Has a school nurse or eye doctor told you that you have 20/20 eyesight? Or maybe you’ve been told that you need glasses or contacts to help you see better?
While being able to see clearly is important, did you know that 20/20 eyesight isn’t always indicative of having good vision? A strong visual system is critical in finding success in both learning and life. In fact, 85% of the information we take in is processed through our visual system.
We have found that a large percentage of learning issues actually stem from poor visual skills. Unfortunately, most people aren’t aware of just how much vision relates to learning. The eyes have to work hard in order to actively engage the mind in the learning process, in remembering visual information, and in correctly solving problems with that information.
Think about a day in a classroom and how many different ways the eyes are used. They have to:
- shift from a desk/near point work to the whiteboard and back to the desk
- view and read content on both screens and paper
- focus on a specific point when reading or writing
While having 20/20 eyesight is helpful for these processes, vision plays a key role, too!
The Difference Between Eyesight and Vision
Eyesight is how clearly your eyes capture images. This is what is tested with the traditional eye chart. Eyesight problems can be corrected with glasses or contact lenses.
Vision involves the mechanics of two eyes working together and the brain being able to process the information accurately and efficiently.
Vision problems can exist even if you have perfect eyesight, and can interfere with the learning process.
Vision problems can present themselves in various ways such as:
- skipping small words when reading
- not seeing the beginning or ending of longer words
- dropping down to the wrong line when reading
- fatigue after a short period of time
Why Vision Issues Often Get Missed
SOI is based on the proven theory that there are specific abilities needed to achieve learning success. Not only do we have assessments to identify these abilities, but we have tools to improve them, as well. Vision is one of these abilities. This is a completely new concept for most people, but opens the door to new possibilities.
In our experience, there are also other reasons that vision issues may go undetected.
- Vision is very personal, so we often assume that everyone sees just like we do. Therefore, it doesn’t occur to us that someone may be experiencing a vision problem.
- We don’t know what questions to ask or what signs to look for. Vision – not eyesight – isn’t a major topic in education.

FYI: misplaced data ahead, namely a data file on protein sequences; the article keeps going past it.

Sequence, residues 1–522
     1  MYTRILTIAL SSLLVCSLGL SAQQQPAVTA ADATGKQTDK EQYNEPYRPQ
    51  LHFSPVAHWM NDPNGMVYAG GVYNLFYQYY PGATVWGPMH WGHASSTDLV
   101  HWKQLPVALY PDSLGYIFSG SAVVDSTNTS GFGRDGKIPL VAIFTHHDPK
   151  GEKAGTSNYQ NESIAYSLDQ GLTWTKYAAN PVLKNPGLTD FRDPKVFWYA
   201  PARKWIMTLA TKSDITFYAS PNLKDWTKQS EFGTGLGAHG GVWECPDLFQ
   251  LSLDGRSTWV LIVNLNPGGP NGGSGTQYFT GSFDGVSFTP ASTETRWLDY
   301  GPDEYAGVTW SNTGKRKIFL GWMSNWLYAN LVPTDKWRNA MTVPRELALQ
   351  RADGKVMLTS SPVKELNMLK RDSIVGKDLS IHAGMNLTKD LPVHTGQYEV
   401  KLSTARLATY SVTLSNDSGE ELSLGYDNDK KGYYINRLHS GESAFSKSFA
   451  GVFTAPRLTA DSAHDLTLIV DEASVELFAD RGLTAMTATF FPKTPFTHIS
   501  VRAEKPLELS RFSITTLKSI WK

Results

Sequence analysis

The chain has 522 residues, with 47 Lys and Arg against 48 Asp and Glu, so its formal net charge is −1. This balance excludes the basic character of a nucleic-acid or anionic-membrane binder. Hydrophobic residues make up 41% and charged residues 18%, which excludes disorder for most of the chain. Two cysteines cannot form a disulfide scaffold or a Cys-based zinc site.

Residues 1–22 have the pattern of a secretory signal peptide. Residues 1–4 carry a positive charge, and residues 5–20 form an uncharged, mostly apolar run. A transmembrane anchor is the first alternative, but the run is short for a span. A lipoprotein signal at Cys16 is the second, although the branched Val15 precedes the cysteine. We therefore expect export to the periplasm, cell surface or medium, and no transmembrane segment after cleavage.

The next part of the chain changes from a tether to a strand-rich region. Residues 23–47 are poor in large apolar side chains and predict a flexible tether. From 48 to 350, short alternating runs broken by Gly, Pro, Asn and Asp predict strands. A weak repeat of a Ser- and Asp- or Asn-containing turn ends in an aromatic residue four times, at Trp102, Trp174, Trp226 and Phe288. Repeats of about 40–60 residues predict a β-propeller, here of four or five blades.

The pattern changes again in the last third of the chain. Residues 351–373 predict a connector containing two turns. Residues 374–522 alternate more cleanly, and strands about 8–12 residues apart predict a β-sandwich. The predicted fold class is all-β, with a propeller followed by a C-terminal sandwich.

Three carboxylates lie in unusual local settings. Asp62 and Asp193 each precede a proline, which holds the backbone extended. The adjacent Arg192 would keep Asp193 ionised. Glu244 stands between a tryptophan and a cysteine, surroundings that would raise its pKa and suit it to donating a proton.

- Signs of vision problems may be mistaken for symptoms of ADD, ADHD, or dyslexia.
This is why it’s important for us to equip you with the knowledge needed in order to better understand how vision relates to learning, what to look for, and what can be done to help someone who has vision problems. Knowledge is power, especially when you’re trying to find out why there’s a learning struggle.
Checklist for Potential Vision Problems
An SOI learning ability assessment is the best way to see if there’s a potential vision issue, but this checklist is a helpful place to start if there are concerns.
- not seeing whole words
- skipping over small words
- seeing parts of two different words combined (ending of one word + the beginning of the next)
- poor reading comprehension
- clumsiness – bumping into things, knocking things over at the dinner table
- words “swim” on the page
- difficulty playing sports – keeping an eye on the ball, losing place on the court or field
- forgetting the definitions of words (like they’re, their, and there)
- difficulty with spelling
- poor handwriting – sloppy, dips, or rises
If one of more of these indicators describes you, your child, or your student, don’t worry. While many of these things are written off as “normal” or “something you just have to live with,” they’re not. SOI can provide you with the answers and solutions that you’re looking for to make learning more efficient, effective, and even fun!
An SOI assessment is our recommended next step because it will pinpoint the specific skill(s) in need of improvement, as well as a customized plan to build those skills.
Also, make sure to check out our other post where we talk more about specific vision abilities, how SOI can help improve visual skills, practical benefits of having good vision, and more.
If you have questions or would like to connect with an SOI provider, please visit our website.